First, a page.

Computer science student shows he has the right stuff in NASA internship

August 16, 2019 by Chris Sasaki - A&S News

There are internships. And then there are internships like the one Georges Kanaan was accepted into at NASA’s Goddard Spaceflight Center in Greenbelt, Maryland — an institution that played a pivotal role in putting Apollo astronauts on the moon as well as other historic missions like the New Horizons probe to Pluto, the Curiosity Mars rover and the Hubble Space Telescope.

When Kanaan was searching for a summer internship earlier this year, he was looking for one that would give him an opportunity to conduct research and look good when he started applying to graduate school. A third-year computer science student, Kanaan is interested in the intersection between cognitive science and machine learning and hopes to do research in climate and planetary science.

“I’ve always been very interested in technology,” he says. “And space exploration has a lot of technology. I can’t say I dreamt about being an astronaut but I always thought rockets were really interesting. So, I applied to NASA.

 Georges Kanaan in front of a NASA sign
A proud Georges Kanaan at the end of his NASA internship. Photo courtesy of Georges Kanaan.

“Plus, I applied because...well it's NASA!”

Kanaan was one of approximately 400 successful applicants selected for a Goddard internship from among thousands who applied – and the only successful applicant from a Canadian institution.

“It sent shivers down my spine every time I entered the gate and saw the NASA logo and the NASA flag,” says Kanaan. “It was inspiring to work at an organization that has achieved so much and that continues to work on complex and interesting technologies. It was humbling to work in the buildings the Apollo engineers called home.”

In addition to helping develop such high-profile missions as the Apollo program and the Hubble Space Telescope, much of the effort of Goddard scientists and engineers has focused on the critical communications networks required for virtually all of NASA’s missions.

In fact, two of the most famous radio transmissions in space exploration history — “Okay, Houston, we’ve had a problem here” and “Houston, Tranquility Base here. The Eagle has landed” — were received and relayed to Mission Control in Houston by Goddard.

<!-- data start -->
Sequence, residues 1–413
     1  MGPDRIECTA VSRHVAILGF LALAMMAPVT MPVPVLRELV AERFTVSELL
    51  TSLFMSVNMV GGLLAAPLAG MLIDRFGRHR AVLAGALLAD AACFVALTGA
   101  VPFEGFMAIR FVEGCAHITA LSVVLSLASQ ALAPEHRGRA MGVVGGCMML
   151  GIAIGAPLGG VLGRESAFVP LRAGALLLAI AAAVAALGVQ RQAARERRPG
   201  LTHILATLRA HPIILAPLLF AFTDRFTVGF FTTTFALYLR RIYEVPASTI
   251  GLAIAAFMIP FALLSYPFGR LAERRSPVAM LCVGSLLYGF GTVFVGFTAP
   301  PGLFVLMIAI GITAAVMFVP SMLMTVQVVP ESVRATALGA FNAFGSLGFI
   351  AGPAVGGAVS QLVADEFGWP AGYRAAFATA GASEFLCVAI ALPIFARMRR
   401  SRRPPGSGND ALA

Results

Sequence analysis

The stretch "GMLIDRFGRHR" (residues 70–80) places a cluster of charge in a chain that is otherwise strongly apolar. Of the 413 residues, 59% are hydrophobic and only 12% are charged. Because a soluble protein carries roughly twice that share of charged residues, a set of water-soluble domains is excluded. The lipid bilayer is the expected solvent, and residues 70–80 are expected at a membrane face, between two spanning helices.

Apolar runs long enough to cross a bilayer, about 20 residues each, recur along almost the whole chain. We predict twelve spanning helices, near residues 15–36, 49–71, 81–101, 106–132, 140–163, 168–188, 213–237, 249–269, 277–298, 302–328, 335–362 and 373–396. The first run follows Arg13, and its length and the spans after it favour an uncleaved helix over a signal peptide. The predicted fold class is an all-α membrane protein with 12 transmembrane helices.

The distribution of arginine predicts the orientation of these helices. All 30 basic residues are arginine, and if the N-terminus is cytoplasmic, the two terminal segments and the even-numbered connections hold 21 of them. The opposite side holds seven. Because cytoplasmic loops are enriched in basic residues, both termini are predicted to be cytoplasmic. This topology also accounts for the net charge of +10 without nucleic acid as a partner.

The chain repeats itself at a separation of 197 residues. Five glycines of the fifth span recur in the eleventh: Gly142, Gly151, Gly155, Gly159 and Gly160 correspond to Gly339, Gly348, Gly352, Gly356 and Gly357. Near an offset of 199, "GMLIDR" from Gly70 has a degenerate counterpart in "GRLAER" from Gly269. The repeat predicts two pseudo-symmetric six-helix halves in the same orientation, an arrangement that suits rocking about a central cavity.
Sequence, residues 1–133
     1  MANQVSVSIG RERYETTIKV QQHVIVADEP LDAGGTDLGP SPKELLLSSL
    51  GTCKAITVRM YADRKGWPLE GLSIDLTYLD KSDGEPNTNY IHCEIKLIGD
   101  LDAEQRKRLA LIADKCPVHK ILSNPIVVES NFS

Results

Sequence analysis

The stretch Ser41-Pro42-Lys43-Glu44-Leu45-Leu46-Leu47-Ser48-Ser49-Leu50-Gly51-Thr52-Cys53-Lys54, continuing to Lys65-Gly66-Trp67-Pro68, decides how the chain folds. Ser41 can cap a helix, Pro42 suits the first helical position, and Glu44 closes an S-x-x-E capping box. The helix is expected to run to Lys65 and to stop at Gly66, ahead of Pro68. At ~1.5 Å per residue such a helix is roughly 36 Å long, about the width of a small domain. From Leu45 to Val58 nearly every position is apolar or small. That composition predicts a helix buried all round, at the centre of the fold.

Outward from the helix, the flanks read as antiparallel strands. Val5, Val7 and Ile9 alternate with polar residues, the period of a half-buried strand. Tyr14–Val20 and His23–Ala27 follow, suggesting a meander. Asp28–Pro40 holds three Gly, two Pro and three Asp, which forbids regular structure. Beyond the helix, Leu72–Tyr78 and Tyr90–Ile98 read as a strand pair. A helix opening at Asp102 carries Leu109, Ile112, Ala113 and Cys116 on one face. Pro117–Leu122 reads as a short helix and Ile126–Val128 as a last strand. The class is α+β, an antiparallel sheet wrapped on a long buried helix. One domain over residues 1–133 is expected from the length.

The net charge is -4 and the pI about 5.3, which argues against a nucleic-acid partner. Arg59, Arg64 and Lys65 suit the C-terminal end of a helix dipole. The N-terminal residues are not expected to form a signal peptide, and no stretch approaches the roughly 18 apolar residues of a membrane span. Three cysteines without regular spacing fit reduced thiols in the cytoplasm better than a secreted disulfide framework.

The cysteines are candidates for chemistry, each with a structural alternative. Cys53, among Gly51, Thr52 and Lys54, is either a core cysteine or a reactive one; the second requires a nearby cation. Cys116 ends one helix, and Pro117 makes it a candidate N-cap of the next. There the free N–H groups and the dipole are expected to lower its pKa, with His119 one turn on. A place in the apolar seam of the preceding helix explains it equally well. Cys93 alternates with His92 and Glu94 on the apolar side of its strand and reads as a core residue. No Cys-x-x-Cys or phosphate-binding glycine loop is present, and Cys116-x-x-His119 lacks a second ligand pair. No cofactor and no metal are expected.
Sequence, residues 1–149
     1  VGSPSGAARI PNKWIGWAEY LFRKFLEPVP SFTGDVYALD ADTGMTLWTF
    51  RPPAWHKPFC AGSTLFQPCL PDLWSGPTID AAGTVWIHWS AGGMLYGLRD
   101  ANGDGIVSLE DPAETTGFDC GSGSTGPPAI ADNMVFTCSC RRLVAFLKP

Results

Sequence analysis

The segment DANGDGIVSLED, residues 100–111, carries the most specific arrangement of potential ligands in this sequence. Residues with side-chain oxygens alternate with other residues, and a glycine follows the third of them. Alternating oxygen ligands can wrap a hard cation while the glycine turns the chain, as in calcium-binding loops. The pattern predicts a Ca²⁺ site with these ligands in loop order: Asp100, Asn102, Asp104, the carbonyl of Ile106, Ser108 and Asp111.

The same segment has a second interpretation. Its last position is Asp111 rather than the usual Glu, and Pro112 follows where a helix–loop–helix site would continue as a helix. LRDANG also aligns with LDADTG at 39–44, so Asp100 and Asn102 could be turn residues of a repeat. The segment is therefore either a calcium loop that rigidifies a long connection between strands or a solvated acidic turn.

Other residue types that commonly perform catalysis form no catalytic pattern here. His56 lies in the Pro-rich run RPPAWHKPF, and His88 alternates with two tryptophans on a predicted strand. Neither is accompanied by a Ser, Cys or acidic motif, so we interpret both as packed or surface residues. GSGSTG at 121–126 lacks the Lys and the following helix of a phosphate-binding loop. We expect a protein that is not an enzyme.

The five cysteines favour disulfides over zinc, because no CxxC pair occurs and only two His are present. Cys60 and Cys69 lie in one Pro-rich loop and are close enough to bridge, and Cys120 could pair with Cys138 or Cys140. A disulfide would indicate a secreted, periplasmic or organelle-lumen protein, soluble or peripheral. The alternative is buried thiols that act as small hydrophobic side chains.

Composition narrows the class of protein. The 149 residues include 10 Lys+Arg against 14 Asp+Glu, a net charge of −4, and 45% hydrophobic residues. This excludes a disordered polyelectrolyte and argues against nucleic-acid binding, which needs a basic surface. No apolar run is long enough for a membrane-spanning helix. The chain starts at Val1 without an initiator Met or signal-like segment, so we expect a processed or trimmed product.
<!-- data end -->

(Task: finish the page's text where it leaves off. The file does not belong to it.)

Today, the networks link an armada of satellites carrying out a myriad of missions in Earth orbit: from the Global Precipitation Measurement (GPM) satellite that collects data on precipitation; to the Fermi Gamma-ray Space Telescope observing black-holes; to Hubble’s successor, the James Webb Space Telescope, currently scheduled for launch in 2021; and dozens more.

During his three-month stay, Kanaan worked in the Exploration and Space Communications Division, the sector within NASA that provides communications support for those networks.

Kanaan and fellow interns standing outside at the Goddard Spaceflight Center.
Kanaan and fellow interns at the Goddard Spaceflight Center.
Photo courtesy of Georges Kanaan.

“I was working as a software engineering and research intern,” says Kanaan. “My project was essentially to build a network management tool that engineers can use in implementing the next-generation of NASA’s communications networks.

PACE, the Plankton/Aerosol/Cloud and ocean Ecosystem satellite launching in 2022, will be the first operational mission that will make use of the type of network I built a tool for. But this type of network will hopefully see wide adoption within NASA for all future missions.”

The internship also allowed Kanaan to get a real behind-the-scenes look at Goddard.

A module from the James Webb Space Telescope emerges from Goddard’s Space Environment Simulator after 116 days of exposure to a vacuum and frigid temperatures.
A module from the James Webb Space Telescope emerges from Goddard’s Space Environment Simulator after 116 days of exposure to a vacuum and frigid temperatures. Photo courtesy of NASA Goddard/Chris Gunn.

“There are so many facilities dedicated to building and testing satellites,” he says. “There are the space environment simulator chambers used to test satellites in a vacuum or in extreme temperatures. There’s a chamber with a massive pair of six-foot diameter speakers to test that satellites won’t crumble from the 150-decible blast of a rocket engine. There’s a huge centrifuge that can exert up to thirty times the force of Earth’s gravity on payloads.”

And while the internship didn’t significantly alter any of Kanaan’s short- or long-term plans, it revealed a number of different career trajectories he hadn’t considered before.

“Seeing the mission operation centre for various satellites was awesome,” he says. “That was probably my favorite memory and that’s when it clicked: I was contributing to things flying in space and one day, I could be here beaming up commands to a satellite like GPM.”

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